If the authentication is successful, the user ID is matched to a DB2 identifier. Usually, the identifier coincides with the user name but uses upper case symbols.
Authorization validates whether the user has the rights (authorities) to perform the actions he/she is trying to perform. In the system, there are authorities for DBMS and for database instances.
Instance-level authorities are assigned in the DB manager configurations. These are the following authorities:
- SYSADM (system administrator authorities)
- SYSCTRL (authorities for system control)
- SYSMAINT (authorities for system maintenance)
- SYSMON (authorities for system monitoring)
These authorities are set by specifying the group that will be assigned for the user. To do so, use the following parameters of the dbmcfg file (respective to the above authorities):
There is no easy way to get the list of users that belong to a certain group by means of the DB2 tools. This can be done either by means of the operating system itself, or by analyzing the groups to which a specific user belongs (for the request see ‘useful requests’).
When configuring DB2, it is essential to check the list of users with the SYSADM authority. This authority allows controlling all database objects.
Authorities of a specific database can be viewed at SYSCAT.DBAUTH. Pay a special attention to the following two authorities: CONNECTAUTH, which determines whether the user will be granted access to the database, and NOFENCEAUTH, which is responsible for creating not-fenced functions and procedures. Such procedures are executed in the address space of the database. If error occurs, they can violate the integrity of the database and its tables.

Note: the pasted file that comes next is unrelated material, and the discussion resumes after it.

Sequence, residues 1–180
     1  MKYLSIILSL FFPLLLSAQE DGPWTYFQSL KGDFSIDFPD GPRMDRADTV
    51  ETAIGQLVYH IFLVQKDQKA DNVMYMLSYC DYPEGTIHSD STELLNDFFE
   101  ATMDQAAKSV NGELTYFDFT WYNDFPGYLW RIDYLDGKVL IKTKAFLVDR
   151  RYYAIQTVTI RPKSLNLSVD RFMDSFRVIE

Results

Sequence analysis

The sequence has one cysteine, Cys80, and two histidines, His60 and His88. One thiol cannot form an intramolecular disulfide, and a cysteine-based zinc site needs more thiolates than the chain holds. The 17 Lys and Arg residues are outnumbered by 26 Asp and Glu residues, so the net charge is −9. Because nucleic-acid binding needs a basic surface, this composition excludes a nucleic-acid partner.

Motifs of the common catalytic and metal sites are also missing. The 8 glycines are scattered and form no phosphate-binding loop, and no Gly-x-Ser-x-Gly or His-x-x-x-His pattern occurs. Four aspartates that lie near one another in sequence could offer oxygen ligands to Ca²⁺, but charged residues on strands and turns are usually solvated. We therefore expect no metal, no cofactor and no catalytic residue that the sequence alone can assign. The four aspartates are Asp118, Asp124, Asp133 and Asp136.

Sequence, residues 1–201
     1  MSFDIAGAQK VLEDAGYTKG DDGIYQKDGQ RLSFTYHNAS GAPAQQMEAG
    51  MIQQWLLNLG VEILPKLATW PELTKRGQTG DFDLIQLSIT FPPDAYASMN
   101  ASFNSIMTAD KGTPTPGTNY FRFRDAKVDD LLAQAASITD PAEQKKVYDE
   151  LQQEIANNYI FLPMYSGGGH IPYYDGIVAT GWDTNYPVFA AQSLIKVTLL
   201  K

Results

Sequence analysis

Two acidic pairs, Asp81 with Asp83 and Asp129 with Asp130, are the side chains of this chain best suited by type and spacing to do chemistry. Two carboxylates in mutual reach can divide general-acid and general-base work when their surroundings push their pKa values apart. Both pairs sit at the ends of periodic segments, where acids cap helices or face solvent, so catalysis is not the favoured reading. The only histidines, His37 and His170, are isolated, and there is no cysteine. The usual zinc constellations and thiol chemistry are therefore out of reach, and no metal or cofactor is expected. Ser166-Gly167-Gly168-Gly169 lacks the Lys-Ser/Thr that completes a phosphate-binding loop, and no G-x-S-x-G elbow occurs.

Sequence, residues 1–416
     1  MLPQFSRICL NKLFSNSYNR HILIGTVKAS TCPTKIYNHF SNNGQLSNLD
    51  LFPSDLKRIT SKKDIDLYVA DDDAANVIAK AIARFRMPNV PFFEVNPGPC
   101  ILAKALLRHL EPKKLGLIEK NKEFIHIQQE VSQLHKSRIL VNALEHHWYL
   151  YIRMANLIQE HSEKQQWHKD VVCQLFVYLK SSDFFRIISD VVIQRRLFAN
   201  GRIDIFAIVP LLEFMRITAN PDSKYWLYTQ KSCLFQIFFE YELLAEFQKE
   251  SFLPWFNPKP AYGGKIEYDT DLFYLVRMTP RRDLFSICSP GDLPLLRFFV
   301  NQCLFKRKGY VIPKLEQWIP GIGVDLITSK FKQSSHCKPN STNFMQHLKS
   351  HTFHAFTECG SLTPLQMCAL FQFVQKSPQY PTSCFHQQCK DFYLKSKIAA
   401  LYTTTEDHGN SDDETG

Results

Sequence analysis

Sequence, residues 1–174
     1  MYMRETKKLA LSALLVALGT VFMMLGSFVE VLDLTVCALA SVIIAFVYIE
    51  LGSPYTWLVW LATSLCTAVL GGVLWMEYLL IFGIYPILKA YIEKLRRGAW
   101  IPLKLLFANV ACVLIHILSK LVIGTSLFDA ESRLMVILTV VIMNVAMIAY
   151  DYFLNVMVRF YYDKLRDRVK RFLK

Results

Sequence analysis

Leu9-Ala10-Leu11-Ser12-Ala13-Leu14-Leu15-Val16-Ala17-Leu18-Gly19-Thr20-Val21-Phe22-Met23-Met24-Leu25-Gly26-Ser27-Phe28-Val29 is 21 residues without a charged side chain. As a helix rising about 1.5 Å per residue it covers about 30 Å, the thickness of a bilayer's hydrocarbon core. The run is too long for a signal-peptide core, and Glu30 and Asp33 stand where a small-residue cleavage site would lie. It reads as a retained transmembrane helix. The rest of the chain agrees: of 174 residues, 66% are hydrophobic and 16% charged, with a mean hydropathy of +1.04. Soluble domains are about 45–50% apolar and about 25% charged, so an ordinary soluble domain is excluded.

DB2 can grant privileges on various objects. Privileges on tables can be viewed at SYSCAT.TABAUTH. Data on the type of the granted privilege are stored in separate columns depending on the privilege itself (SELECTAUTH, DELETEAUTH, etc.). When granting the REFERENCES and UPDATE privileges with the GRANT command, you can specify names for the columns to which the privileges apply. For more information, see SYSCAT.COLAUTH.
Privileges on routines (functions, procedures and methods) can be viewed at SYSCAT.ROUTINEAUTH. This one is a bit unusual because, depending on the SPECIFICNAME and TYPENAME value, privileges can be granted on all routines in a particular schema.
Users, Groups, Roles
All database authorities and privileges can be granted to users, groups and roles. Users, groups and group membership are controlled outside the database. In this connection, it would be useful to consider some recommendations and be aware of some peculiarities of the granting procedure. It’s not advisable to grant database privileges and authorities, in particular, the database connection ones (CONNECTAUTH), to groups. Privileges should be granted only to those users or roles which require the privileges for particular purposes. Roles are supported in DB2 9.5 and later. Role membership is contr